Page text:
Workplace Christmas parties: five key ways to ensure they go with a fizz and don’t end with a grievance.      

Nov 28, 2019 | Employee Socialising, Policies

It’s that time of year.  Christmas parties are at the top of the agenda for most companies.  As we all know, Christmas parties can be great fun and excellent for staff morale.  But how do you make sure that your Christmas parties are remembered for the right reasons?  And what should you do if things go wrong?

Here’s a few tips for helping things to go smoothly.

Tip 1: Develop a works related social events policy

We agree: even the word ‘policy’ sounds like a festive joy hoover.  However, this is one thing you really need to get sorted, especially in the #metoo era.  Your social events policy should set out expectations for moderate drinking at work events, a reminder that staff should not behave in a way which brings the company into disrepute, and, critically, that they should not behave in a way which upsets, intimidates or embarrasses others.  You want the festive season to be enjoyable for all.

It’s worth bearing in mind that, as an employer you are vicariously liable for the actions of your employees, and you do not want a harassment case on your hands.  The policy should make clear that disciplinary action may result if the policy is breached.

Tip 2: Make sure all staff are aware of the policy

Some people may think this removes all the fun from the event.  Or they may be embarrassed having to outline behavioural expectations in such a way.  We’re sure you’d agree that it is far less fun and much more embarrassing to deal with allegations of harassment and disciplinary action after the event; it is therefore best to be clear up-front.  Blame it on HR if it makes you feel better!  Remember also that having clear expectations in place may encourage quieter staff members to join rather than avoid the party, making for a more inclusive atmosphere.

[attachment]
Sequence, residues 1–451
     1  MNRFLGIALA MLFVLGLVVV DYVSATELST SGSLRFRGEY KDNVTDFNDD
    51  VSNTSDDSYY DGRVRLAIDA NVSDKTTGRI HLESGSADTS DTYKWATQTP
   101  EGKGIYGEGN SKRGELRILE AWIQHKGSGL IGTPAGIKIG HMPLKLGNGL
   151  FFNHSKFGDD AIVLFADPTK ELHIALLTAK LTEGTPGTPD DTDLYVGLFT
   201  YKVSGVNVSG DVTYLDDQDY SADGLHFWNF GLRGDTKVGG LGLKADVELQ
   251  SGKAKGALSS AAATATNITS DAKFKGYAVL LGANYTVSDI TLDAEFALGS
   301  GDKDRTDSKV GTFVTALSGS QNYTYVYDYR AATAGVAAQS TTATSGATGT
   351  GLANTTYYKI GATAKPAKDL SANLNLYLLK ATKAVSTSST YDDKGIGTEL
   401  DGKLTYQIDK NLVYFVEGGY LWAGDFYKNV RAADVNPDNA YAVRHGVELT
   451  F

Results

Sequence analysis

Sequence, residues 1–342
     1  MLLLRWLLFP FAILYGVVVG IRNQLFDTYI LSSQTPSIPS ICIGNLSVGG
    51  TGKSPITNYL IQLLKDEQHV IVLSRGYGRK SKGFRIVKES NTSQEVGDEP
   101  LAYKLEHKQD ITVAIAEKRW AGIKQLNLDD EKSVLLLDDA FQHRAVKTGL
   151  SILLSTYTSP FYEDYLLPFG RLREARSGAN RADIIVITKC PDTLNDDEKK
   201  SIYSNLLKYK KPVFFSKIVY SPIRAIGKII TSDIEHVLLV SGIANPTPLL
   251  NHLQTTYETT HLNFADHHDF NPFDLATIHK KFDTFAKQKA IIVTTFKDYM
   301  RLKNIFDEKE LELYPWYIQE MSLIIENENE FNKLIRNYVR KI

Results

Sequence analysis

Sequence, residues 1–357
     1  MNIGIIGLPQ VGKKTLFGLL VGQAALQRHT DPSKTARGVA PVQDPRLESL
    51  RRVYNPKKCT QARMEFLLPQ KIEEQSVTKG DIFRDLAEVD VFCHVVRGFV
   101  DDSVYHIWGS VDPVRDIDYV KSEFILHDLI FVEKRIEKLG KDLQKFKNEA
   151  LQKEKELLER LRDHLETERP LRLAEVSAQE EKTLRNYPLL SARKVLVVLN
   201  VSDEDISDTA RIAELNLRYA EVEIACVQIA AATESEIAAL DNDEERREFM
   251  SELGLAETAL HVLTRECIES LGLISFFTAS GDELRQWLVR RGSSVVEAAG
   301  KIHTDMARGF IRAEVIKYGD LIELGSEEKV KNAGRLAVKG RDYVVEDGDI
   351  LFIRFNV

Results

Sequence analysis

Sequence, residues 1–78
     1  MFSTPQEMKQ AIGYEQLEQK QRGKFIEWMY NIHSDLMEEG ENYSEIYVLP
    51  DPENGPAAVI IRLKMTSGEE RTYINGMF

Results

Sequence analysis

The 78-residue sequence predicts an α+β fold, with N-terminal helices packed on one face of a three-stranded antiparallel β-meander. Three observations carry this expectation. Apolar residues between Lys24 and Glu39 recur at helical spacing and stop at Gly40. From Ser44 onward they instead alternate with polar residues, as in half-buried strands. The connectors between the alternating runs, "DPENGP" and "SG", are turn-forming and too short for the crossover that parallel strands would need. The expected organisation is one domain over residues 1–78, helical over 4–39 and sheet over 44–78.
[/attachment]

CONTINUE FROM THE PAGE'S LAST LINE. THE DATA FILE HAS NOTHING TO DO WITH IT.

Tip 3: Ensure managers understand the need for them to role model good behaviour (and definitely not bad)

A significant number of the festive misconduct cases we’ve dealt with unfortunately related to the behaviour of managers.  When a manager steps out of line at a Christmas party,  other staff can be put in the uncomfortable position of feeling they cannot complain, or worse may need to join in.  Managers should be clearly told about the need for them to model good behaviour during the Christmas party season, so that all staff members feel comfortable.

Tip 4: Include #metoo training in your workplace training programme

Times are changing, and behaviour which was once tolerated at festive work parties is (quite rightly) no longer acceptable.  However, many staff members (particularly those who started their careers in a different era) are uncertain of what is expected from them, and would really benefit from training around what is and is not acceptable workplace behaviour.  We offer training in equality, diversity and acceptable behaviour in the workplace in this post-#metoo era.

Tip 5: Deal with any problems swiftly and fairly after the event using your policies and procedures

Unfortunately problems do happen and when they do the way that you, as the employer, deals with them is really important both legally and in maintaining good team relations going forward.  Remember to stick to your policies (which should always follow the ACAS Code and Guide for Disciplinary and Grievance).

We can help through all three steps above.  We can draft suitable policies, including work related social events, disciplinary and grievance policies.  We can provide training in managing disciplinaries and grievances.  And we can step in to investigate any allegations thoroughly, ensuring that the investigation is impartial, and saving management time.  Do get in touch if you’d like to discuss how we can help.